• Chart of the Week
  • March 22, 2017

How states can attract health insurers to rural counties

A small town in the east Tennessee countryside. Providing health insurance tends to be more expensive in rural areas, partially because there is less competition among hospitals and doctors.

L.A. Waterhouse/Bigstock

Just as the debate over the fate of the Affordable Care Act was heating up last month, a major insurer announced it would pull out of health insurance exchanges come 2018. This left customers in some parts of the country facing the prospect of reduced choices – or none at all – next year.

Lack of insurer interest has generally been a bigger problem in rural areas, where health care can be less affordable thanks to fewer options for care. A study appearing in the 2015 Papers and Proceedings issue of the American Economic Review found that the way boundary lines are drawn within a state can make a big difference in attracting insurers to rural areas.

The authors note that some states opted to separate each county into its own marketplace when the exchanges were set up in 2013, while other states grouped counties together, sometimes lumping dissimilar urban and rural areas together (see figure below).

 

Figure 1 from Dickstein et al. (2015)

 

They find that having slightly larger regions can help rural counties: a rural county bundled in with populous, urban counties tended to have more participating insurance companies and lower premiums than a rural county stranded in its own market or grouped with other rural counties.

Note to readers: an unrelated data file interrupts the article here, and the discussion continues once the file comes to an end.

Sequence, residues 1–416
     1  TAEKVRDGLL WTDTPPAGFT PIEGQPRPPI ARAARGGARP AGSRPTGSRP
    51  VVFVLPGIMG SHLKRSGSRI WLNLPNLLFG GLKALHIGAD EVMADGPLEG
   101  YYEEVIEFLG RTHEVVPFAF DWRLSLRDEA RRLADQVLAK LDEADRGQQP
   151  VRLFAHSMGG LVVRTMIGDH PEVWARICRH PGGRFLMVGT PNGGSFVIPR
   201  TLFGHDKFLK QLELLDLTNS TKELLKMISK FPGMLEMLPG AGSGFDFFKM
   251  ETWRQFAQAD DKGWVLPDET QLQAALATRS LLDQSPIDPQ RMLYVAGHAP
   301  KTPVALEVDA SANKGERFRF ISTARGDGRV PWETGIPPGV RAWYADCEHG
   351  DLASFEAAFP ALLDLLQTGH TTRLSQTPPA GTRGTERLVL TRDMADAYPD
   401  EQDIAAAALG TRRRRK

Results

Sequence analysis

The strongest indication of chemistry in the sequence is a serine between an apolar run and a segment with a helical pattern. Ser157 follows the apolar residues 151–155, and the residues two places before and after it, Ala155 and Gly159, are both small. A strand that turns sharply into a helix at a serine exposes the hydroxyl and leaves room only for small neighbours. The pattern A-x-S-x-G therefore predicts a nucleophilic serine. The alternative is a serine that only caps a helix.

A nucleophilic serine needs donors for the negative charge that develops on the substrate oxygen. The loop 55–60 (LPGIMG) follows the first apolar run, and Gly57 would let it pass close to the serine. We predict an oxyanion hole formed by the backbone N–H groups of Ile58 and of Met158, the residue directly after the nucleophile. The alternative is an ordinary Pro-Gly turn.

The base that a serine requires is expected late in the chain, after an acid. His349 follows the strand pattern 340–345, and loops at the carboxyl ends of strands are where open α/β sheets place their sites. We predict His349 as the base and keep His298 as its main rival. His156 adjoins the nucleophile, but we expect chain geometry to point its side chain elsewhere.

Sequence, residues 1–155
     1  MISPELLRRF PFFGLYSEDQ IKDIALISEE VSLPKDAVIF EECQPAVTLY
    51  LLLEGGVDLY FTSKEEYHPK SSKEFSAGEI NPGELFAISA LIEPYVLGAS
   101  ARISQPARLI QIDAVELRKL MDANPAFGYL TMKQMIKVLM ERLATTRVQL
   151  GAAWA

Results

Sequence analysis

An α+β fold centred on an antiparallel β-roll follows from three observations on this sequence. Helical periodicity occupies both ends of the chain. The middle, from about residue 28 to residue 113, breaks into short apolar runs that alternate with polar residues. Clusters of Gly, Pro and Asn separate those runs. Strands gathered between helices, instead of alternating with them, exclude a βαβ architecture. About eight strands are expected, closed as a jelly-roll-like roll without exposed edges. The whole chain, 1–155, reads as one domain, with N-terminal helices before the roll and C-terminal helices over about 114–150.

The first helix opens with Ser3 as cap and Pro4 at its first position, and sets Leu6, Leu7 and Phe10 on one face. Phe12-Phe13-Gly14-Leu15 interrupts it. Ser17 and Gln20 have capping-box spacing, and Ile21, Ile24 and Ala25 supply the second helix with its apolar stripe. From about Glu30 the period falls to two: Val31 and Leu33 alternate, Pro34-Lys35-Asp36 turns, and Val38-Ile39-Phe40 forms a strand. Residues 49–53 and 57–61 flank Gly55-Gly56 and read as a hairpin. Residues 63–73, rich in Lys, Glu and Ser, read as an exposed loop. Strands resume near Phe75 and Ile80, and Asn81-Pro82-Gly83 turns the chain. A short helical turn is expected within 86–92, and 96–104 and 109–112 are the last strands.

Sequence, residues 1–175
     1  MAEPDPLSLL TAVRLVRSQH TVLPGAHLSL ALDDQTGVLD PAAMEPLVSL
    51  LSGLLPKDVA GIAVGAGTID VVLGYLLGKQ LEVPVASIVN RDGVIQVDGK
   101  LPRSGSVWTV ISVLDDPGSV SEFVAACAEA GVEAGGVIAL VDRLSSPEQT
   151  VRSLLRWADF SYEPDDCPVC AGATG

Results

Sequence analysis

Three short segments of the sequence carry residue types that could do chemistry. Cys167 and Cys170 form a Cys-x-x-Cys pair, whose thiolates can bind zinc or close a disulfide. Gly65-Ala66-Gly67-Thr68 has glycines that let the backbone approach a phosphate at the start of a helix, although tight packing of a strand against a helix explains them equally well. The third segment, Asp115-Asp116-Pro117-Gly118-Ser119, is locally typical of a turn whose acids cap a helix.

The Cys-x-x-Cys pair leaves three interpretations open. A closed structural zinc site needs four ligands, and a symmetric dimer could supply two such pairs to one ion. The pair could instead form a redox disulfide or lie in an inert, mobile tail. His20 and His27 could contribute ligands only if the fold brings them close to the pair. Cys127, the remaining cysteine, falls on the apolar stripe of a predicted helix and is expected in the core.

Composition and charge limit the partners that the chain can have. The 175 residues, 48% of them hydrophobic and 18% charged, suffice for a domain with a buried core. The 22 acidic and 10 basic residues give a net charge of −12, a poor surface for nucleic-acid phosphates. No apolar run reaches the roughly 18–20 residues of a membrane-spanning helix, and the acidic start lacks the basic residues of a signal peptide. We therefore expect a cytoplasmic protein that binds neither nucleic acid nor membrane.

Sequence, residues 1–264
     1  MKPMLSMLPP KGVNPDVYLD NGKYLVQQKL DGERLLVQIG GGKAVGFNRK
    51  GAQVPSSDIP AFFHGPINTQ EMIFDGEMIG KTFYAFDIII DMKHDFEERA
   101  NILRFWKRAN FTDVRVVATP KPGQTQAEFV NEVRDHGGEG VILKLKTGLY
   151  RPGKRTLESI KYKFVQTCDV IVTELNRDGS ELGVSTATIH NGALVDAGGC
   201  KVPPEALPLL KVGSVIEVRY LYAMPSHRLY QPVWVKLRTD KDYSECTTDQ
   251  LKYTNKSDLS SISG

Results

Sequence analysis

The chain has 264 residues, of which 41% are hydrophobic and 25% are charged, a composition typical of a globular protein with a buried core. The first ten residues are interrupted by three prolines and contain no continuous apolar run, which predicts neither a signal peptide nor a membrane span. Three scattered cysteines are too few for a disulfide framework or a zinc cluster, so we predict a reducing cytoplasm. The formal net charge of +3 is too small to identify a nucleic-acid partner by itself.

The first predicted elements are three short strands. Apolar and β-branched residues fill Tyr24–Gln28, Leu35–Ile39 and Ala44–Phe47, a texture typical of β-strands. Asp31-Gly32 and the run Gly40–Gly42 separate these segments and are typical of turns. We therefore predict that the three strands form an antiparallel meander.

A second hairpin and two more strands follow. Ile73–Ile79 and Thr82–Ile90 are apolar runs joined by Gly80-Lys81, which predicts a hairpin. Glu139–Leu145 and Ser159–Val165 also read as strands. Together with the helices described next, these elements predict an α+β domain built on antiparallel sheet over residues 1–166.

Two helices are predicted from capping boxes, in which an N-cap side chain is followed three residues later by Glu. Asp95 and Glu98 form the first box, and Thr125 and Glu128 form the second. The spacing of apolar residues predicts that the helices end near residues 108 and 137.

So states can just rescue rural counties with faltering exchanges by changing district boundaries and lumping them in with bigger cities, right? It’s not that simple, according to the authors. They found that large, diverse markets with a mix of rural and urban populations saw higher premiums and fewer insurers than other large markets that were more homogeneous.

Insurers might hesitate to enter larger markets in part because it requires them to expand their networks. “When enlarging a region, the regulator implicitly asks the insurer to negotiate contracts with more hospitals,” explains Pietro Tebaldi, an economist at the University of Chicago and one of the paper’s authors.

So there’s no easy solution for rural counties that aren’t currently bundled with nearby urban centers. And attracting health insurers to rural areas may become especially pressing if the premium subsidies included in the ACA are repealed in the latest round of health reform, according to Tebaldi. “A reform that eliminates the link between the level of subsidies and the premiums in a particular market may affect affordability in rural markets more strongly.”